new opening / Japan
A ryokan in the small city of Maebashi with 300 years of history has been brought up to date in stunning fashion. Now the Shiroiya is attracting premier design and hospitality talent to a quiet corner of Japan.
The small Japanese city of Maebashi might not feature on many tourist itineraries but if businessman Hitoshi Tanaka has his way, it will soon become a stop for anyone interested in contemporary Japanese architecture. Once a bustling silk-trading centre, Maebashi runs at a slower pace today. But thanks to Tanaka it now has a unique hotel – the Shiroiya – which has been renovated, extended and furnished with loving care over six years by a team led by Japanese architect Sou Fujimoto.
The Shiroiya Hotel has a 300-year history in Maebashi. It used to be a traditional Japanese ryokan inn but in the mid-1970s the family owners replaced the old building with a modern concrete structure. Fast-forward another 30 years and the family business closed for good, leaving behind a long history and a decaying building. Tanaka, a Maebashi native who made a fortune with his jins eyewear brand, stepped in to buy the inn, enabling the Shiroiya name to live on.
“I saw it when Tanaka-san had just bought the property,” says Fujimoto, who has known the owner for nearly 20 years. “It was a nice, normal, four-storey concrete building – the kind you see all over Japan. From the beginning, Tanaka wanted to renovate, not tear down. My idea was to demolish some of the floors inside, keeping the columns and beams, and making an atrium that would bring in the natural light. It was a way of making a drastic change without losing the spirit of the building.”
Tanaka didn’t want to create a precious “art” hotel; he wanted a living room for the city, where its residents would be as happy coming for lunch as lovers of art and architecture would be to stay. The all-day restaurant, an airy spot to enjoy easy Japanese food – ebi fry (fried prawn), local Gunma salad and the house Japanese curry made with local Akagi beef – is often fully booked. The furniture is a comfortable mix of new (Scandinavian, Japanese, Swiss, American and Italian) and vintage, with greenery supplied by landscapers Solso.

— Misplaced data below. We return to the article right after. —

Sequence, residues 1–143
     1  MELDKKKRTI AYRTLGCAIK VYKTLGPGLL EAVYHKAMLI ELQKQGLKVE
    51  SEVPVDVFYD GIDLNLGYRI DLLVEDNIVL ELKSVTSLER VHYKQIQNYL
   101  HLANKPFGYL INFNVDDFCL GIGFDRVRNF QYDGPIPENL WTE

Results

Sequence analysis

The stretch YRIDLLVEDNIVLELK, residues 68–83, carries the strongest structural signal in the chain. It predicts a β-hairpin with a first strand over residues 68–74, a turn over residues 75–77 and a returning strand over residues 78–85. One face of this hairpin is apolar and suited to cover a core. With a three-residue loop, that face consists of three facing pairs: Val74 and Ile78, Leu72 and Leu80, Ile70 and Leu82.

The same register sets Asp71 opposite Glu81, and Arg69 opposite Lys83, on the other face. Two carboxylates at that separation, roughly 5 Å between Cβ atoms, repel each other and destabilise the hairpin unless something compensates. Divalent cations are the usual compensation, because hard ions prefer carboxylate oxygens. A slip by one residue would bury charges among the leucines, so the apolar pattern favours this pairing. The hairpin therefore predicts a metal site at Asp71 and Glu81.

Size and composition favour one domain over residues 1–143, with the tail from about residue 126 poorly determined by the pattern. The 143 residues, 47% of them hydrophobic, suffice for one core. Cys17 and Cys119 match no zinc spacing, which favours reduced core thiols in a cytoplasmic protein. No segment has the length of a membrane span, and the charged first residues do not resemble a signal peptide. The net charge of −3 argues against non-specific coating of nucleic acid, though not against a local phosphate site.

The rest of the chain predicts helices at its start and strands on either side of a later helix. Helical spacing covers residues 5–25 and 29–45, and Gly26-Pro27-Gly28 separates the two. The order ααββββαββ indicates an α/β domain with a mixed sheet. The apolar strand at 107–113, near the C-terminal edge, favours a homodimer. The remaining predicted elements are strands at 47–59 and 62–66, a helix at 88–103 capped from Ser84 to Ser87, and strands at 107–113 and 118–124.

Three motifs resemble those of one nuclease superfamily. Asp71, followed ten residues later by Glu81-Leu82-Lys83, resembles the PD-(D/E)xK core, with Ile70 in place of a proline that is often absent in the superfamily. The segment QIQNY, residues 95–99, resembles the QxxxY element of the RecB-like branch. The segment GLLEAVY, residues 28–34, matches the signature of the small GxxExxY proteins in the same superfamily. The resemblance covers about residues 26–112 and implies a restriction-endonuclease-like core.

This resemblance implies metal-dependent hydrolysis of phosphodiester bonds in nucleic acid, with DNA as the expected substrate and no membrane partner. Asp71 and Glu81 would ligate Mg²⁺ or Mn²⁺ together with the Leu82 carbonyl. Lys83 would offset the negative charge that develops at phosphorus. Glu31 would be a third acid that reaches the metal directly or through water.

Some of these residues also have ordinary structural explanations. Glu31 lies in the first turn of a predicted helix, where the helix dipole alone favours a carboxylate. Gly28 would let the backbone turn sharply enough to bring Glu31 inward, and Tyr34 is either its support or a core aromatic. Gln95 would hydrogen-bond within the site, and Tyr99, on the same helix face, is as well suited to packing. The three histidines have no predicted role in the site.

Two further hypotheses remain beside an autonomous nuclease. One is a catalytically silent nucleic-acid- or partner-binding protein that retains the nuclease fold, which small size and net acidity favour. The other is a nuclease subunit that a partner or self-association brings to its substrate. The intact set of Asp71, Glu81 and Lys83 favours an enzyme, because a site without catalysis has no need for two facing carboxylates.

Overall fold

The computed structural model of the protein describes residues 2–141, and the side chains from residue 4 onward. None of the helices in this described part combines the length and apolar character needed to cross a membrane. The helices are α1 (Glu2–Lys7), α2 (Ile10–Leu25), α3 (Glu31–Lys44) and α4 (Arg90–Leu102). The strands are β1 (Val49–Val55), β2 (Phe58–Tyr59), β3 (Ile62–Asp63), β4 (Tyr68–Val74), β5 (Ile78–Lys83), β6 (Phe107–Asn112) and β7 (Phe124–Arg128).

Staff have been hired locally and the smart, 14-seat evening restaurant is run by young chef Hiro Katayama, who hails from nearby Takasaki but has been earning his stripes at Michelin-starred Florilège in Tokyo. “We’re doing what we call Joshu [the old name for the area] cuisine,” he says. “The techniques are French but we’re respecting our history, culture and produce.” He buys fresh herbs and vegetables from nearby farms and the tasting menu might feature yamame trout and yama udo (mountain asparagus), paired with a Hokkaido rosé or saké.
As for the accommodation, standard rooms have furniture by Sou Fujimoto, as well as some special rooms by the likes of designer Jasper Morrison and architect Michele De Lucchi, who were already designing eyewear for jins when the hotel project was underway. Morrison’s room is a snug wooden box, intended to resemble a – very beautiful – art crate with a cypress bath and the warm glow of an Isamu Noguchi paper light.
“Tanaka wanted the hotel to be a living room for the city”
There are artworks throughout the hotel – guests are greeted by a serene Hiroshi Sugimoto seascape hanging over the reception desk – but it’s not a mere museum assemblage of big names: a piece by local artist Yoshio Shirakawa hangs in the atrium. Argentinian artist Leandro Erlich has created a lighting installation that gently illuminates the atrium like a ghostly pipe.
There are many points of interest: Fujimoto’s new building, covered in grass, a Finnish sauna in its own mini building with an outdoor staircase and another small house for an installation by Japanese artist Tatsuo Miyajima. The traditional tea room chashitsu from the old hotel was moved to the new building and Hiroshi Sugimoto and Tomoyuki Sakakida have overseen the creation of small bar area. Fujimoto filled the upper reaches of the atrium with a labyrinth of catwalks and staircases. “I’d like people to have a different experience every time they come back here, whether that’s for a weekly lunch or staying once a year,” he says.
Fujimoto opened up a public footpath that runs from the front of the hotel into a neighbourhood with bars and restaurants, and a small river running alongside it. What’s more, Tanaka’s input isn’t confined to the hotel. He’s commissioned other Japanese architectural luminaries to build shops and restaurants in Maebashi and Fujimoto has just started work on another project in the area. An architectural tour of the city and surrounds is now in the offing. “We wanted this hotel to be open to the city,” says Fujimoto. “What Tanaka-san is doing here in Maebashi could be a model for revitalising other small cities.”
Maebashi address book
Behind Shiroiya, this place has been serving a Gunma classic – Sauce Katsudon, a rice bowl with fried pork and sauce – since 1915.
Freshly made pasta in a small-brick building (a reference to the warehouses that used to be in the city) designed by architect Ryuji Nakamura.
Japanese confectionery shop serving warabi mochi sweets and other treats, designed by Schemata Architects.
Bell of the Sun
This 1966 sculpture by Taro Okamoto was moved to Maebashi in 2018 and given a new setting by Sou Fujimoto next to the Hirose river. Tanaka stated his hopes that it would be a “seed of creativity” for the region.